Location: Oceania, islands in the South Pacific Ocean,
southeast of Australia

Capital: Wellington

Population:4,537,081 (JUNE 2014 estimate)

Ethnic Make-up: New Zealand European 74.5%, Maori
9.7%, other European 4.6%, Pacific Islander 3.8%,
Asian and others 7.4%

Currency: New Zealand Dollar (NZD)

Religions: Anglican 24%
Presbyterian 18%
Roman Catholic 15%
Methodist 5%
Baptist 2%
Other Protestant 3%
Unspecified or none 33%


• New Zealand is a democratic society and a
constitutional monarchy. New Zealand's
government is modelled on the British system.

• New Zealand is a constitutional monarchy. The
Queen of England (Queen Elizabeth II) is the
reigning monarch and Head of State. Her
representative in New Zealand is the Governor

•The three official languages of New Zealand are English,
Maori and NZ Sign Language.


• Greetings are casual, often consisting simply of a
handshake and a smile.

• Never underestimate the value of the smile as it
indicates pleasure at meeting the other person.

•Although New Zealanders move to first names quickly, it
is best to address them by their honorific title and
surname until they suggest moving to a more familiar
level or they call you by your first name.

Examples of Maori language used (calendar)

• Hongi is done by pressing one‟s nose and forehead
(at the same time) to another person at an

• In the hongi, the ha (or breath of life), is exchanged
and intermingled. The breath of life can also be
interpreted as the sharing of both party‟s souls.

 Kia ora is a Māori language greeting which means
"be well/healthy" and is translated as an informal

 "Tēnā koe" (one person), "Tēnā kōrua" (two
people) and "Tēnā koutou" (three or more people).

 By adding "koe" in Kia Ora (i.e. "kia ora koe") one
can specify a greeting to a single person; "kōrua"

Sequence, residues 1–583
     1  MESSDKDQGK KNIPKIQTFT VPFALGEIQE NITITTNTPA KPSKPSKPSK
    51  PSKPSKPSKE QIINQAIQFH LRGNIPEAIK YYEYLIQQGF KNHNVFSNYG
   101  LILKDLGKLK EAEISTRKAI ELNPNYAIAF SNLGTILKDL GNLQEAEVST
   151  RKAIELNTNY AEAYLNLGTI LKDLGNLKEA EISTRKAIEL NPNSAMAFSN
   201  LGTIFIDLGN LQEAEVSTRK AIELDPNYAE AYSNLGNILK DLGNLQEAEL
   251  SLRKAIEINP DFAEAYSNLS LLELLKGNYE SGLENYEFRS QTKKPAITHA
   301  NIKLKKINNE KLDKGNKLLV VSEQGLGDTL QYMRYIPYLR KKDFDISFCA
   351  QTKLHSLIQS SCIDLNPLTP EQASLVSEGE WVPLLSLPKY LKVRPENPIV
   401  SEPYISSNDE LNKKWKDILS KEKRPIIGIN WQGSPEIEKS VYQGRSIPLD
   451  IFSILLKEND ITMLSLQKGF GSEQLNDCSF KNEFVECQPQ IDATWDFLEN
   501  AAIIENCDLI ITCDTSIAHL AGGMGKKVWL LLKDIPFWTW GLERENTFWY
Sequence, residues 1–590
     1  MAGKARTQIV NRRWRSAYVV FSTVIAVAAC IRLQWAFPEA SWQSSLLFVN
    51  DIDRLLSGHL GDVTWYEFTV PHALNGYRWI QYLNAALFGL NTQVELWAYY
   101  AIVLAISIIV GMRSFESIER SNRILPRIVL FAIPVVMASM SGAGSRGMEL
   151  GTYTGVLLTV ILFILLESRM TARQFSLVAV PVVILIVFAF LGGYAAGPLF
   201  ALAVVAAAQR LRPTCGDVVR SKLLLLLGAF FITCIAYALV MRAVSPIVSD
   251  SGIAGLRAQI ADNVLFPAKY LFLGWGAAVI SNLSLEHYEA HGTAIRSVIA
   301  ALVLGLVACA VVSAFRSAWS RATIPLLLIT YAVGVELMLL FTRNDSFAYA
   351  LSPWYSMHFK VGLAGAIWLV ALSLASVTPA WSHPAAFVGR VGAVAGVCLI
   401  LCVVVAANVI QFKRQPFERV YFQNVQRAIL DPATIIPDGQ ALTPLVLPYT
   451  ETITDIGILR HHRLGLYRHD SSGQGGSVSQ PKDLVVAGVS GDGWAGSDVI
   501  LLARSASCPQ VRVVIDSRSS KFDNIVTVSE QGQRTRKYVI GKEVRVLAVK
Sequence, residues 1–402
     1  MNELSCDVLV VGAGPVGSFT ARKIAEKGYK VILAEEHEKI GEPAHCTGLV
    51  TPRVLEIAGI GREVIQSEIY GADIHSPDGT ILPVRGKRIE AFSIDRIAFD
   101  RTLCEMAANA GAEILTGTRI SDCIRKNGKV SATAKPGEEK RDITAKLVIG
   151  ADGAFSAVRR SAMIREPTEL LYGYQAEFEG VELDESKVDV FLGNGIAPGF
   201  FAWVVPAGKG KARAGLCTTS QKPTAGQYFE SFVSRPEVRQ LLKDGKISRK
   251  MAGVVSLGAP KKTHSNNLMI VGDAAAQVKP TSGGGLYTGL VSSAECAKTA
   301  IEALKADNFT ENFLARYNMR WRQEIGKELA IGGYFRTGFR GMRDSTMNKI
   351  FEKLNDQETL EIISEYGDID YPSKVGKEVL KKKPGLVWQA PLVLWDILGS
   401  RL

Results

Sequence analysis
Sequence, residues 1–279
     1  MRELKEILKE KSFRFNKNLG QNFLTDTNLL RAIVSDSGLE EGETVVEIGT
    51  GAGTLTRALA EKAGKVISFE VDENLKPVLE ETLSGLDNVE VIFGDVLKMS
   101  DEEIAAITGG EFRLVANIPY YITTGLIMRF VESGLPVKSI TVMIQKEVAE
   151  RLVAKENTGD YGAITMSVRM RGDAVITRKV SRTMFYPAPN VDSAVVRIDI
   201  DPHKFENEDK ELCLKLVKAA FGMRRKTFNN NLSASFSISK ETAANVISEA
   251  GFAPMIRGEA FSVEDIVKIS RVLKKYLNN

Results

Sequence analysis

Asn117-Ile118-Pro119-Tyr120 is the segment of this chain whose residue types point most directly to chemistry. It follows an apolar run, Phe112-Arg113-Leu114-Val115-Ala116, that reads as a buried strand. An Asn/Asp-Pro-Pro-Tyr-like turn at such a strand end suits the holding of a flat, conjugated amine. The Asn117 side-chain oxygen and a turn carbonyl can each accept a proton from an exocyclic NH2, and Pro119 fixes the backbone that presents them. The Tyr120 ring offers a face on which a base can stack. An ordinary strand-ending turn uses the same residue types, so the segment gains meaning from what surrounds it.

(two people); "koutou" (three or more people);
and by following with "tātou" one addresses all the
people present, including the speaker themself.


• The traditional Maori used plants
such as harakeke (New Zealand
flax), cabbage trees, and grasses to
make fabrics.

• They also used birds‟ feathers and
skins, and the skins of seals and
kuri (Polynesian dogs).


 Kahu huruhuru (feather cloak)
 Pari (bodice) and tipare
 Two poi (balls on string)
hanging on waistband
 Piupiu (flax skirt)
 Moko (tattoo on chin)
 Tiki (pendant)
 Kuru (made of pouname which
is a greenstone) - right ear
 Mako shark‟s tooth - left ear
 Feathers (of Huia bird) in the
hair traditionally denoted rank
in Maori society

 Kahu huruhuru (feather cloax)
 Rain capes made of cloak also
seem to be appearing in recent
 Moko (tattoo on body)
 Tiki (pendant)
 Kuru (made of pouname which
is a greenstone) - right ear
 Mako shark‟s tooth - left ear
 Feathers (of Huia bird) in the
hair traditionally denoted rank
in Maori society
 Piupiu (flax skirt and is shorter
than women‟s which is until
 Tatua (belt worn around waists
over the plaited waistband of
 Black shorts or black bathing
suit underneath their piupiu


 Hei-tiki is an ornamental pendant of the
Māori which is worn around the neck.

 Usually made of pounamu which is
greenstone, and are considered a taonga

 There are two main ideas behind the
symbolism of hei-tiki: they are either
memorials to ancestors, or represent the
goddess of childbirth, Hineteiwaiwa.

 Often given to a woman by her
husband's family if she was having
trouble conceiving.
 In Māori culture, the „white heron‟
and the „Huia‟ were not normally